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Press Release

Convicted Fraudster Awaiting Sentencing Charged Again in New Embezzlement Scheme

For Immediate Release
U.S. Attorney's Office, District of Massachusetts

BOSTON – A Canton woman convicted of embezzling more than $1.3 million from her employer has agreed to plead guilty to a new fraud scheme. 

Nicole Lescarbeau, a/k/a “Nicole Coulibaly”, 53, was charged by information with wire fraud and bank fraud. A plea hearing has not yet been scheduled by the Court.

In December 2019, Lescarbeau pleaded guilty to wire fraud, bank fraud, and aggravated identity theft in connection with a similar embezzlement scheme. While out on pre-trial release in the prior case, Lescarbeau was hired as an administrator at a small, Brookline-based non-profit organization. It is alleged that Lescarbeau did not tell the non-profit about her pending indictment and applied for the position using her married name in an effort to conceal the prior charges. From August 2019 until February 2020, Lescarbeau allegedly used her position to steal funds from the non-profit for her personal use. Specifically, Lescarbeau diverted checks to herself that the non-profit had issued for legitimate business by altering the name of the payee on the checks and then depositing them into her personal bank account. It is also alleged that Lescarbeau opened a PayPal account in the non-profit’s name to make unauthorized wire transfers from the non-profit’s bank account and made transfers directly from the non-profit’s bank account to pay for her personal rent. In total, as a result of this scheme, Lescarbeau allegedly embezzled nearly $57,000 from the non-profit’s bank account.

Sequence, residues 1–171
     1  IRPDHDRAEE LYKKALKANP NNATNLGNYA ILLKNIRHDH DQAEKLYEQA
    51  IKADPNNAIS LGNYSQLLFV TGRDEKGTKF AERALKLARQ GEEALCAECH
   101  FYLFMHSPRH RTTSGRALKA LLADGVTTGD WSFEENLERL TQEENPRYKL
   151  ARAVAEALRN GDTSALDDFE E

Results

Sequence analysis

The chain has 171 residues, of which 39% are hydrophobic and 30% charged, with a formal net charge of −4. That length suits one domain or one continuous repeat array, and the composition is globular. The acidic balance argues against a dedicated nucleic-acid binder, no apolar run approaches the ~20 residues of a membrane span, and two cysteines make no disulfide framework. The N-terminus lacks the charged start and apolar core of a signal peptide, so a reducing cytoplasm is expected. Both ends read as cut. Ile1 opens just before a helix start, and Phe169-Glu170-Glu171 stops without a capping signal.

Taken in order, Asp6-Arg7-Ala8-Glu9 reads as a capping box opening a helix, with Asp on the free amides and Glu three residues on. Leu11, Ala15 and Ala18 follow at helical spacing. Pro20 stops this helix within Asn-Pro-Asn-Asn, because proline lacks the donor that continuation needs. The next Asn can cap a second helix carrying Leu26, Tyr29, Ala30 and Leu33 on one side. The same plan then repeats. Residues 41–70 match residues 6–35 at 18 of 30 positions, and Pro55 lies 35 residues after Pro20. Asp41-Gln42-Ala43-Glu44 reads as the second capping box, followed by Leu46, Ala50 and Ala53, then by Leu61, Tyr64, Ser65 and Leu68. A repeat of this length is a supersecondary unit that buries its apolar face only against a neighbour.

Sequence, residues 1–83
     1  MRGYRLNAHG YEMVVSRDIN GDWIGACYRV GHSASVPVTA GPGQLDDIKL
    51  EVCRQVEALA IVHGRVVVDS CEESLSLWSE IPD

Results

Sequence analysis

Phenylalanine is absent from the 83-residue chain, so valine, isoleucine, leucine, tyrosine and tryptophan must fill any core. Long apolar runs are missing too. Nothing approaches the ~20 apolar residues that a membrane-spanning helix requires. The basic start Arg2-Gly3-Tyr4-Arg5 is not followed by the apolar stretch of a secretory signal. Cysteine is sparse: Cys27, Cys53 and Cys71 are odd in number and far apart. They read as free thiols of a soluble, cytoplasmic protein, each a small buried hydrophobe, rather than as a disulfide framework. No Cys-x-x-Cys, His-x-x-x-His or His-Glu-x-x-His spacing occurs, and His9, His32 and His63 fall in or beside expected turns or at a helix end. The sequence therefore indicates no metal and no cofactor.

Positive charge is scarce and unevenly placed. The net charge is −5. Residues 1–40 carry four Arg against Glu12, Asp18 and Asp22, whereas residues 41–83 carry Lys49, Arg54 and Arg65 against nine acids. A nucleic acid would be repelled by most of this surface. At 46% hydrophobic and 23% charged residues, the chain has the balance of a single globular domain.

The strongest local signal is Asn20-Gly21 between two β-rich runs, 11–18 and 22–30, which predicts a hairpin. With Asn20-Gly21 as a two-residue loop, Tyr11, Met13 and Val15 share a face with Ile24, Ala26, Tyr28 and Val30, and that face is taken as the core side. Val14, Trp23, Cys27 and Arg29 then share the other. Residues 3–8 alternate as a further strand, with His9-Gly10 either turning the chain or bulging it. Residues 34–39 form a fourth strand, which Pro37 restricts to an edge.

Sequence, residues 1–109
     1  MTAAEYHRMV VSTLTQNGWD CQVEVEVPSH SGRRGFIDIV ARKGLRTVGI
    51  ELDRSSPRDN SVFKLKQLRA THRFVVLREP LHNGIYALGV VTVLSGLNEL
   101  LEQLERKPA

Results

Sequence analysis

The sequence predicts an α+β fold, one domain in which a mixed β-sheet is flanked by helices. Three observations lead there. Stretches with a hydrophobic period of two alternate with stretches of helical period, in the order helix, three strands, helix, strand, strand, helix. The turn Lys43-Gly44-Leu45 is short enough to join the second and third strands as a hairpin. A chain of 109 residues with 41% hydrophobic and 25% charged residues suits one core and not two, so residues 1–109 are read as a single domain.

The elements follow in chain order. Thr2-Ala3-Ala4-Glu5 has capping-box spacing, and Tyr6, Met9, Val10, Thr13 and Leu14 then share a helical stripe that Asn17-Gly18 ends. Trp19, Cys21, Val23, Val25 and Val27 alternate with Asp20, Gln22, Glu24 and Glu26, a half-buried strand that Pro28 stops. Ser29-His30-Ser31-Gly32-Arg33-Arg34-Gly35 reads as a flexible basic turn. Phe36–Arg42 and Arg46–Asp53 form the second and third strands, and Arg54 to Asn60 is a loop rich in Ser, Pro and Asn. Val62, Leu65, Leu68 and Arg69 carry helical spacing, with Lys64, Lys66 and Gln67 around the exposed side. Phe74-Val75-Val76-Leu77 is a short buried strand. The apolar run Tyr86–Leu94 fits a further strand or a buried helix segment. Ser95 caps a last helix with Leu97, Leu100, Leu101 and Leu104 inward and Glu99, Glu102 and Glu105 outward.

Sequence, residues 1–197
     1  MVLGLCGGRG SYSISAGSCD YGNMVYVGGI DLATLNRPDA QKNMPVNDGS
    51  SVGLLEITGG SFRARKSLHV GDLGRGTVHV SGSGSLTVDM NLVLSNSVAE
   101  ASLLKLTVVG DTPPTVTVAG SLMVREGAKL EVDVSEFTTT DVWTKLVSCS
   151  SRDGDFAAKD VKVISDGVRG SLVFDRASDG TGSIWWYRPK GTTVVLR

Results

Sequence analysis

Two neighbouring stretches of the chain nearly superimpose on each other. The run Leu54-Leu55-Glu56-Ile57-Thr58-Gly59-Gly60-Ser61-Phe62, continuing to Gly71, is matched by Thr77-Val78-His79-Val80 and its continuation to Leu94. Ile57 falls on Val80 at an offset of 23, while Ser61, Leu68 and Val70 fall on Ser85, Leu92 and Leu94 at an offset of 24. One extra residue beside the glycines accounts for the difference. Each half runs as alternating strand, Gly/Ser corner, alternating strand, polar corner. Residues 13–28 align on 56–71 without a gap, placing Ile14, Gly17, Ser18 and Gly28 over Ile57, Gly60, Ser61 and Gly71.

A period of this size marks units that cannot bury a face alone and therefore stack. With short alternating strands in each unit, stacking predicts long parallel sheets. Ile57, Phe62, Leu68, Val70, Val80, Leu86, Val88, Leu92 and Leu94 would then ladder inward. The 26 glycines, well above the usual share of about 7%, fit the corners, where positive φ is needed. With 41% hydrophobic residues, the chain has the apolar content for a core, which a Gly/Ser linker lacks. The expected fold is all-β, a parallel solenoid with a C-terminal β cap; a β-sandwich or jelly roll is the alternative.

Pursuant to the plea agreement, the government will recommend a sentence of at least 18 months in prison, five years of supervised release, a fine within the guidelines range, restitution and forfeiture.

The charge of wire fraud provides for a sentence of up to 20 years in prison, three years of supervised release, a fine of $250,000, restitution and forfeiture. The charge of bank fraud provides for a sentence of up to 30 years in prison, five years of supervised release, a fine of $1 million, restitution and forfeiture. Sentences are imposed by a federal district court judge based on the U.S. Sentencing Guidelines and other statutory factors.

Acting United States Attorney Nathaniel R. Mendell and Joseph R. Bonavolonta, Special Agent in Charge of the Federal Bureau of Investigation, Boston Field Division made the announcement. Assistant United States Attorney Justin D. O’Connell of Mendell’s Securities, Financial & Cyber Fraud Unit is prosecuting the case.

Updated May 3, 2021

Financial Fraud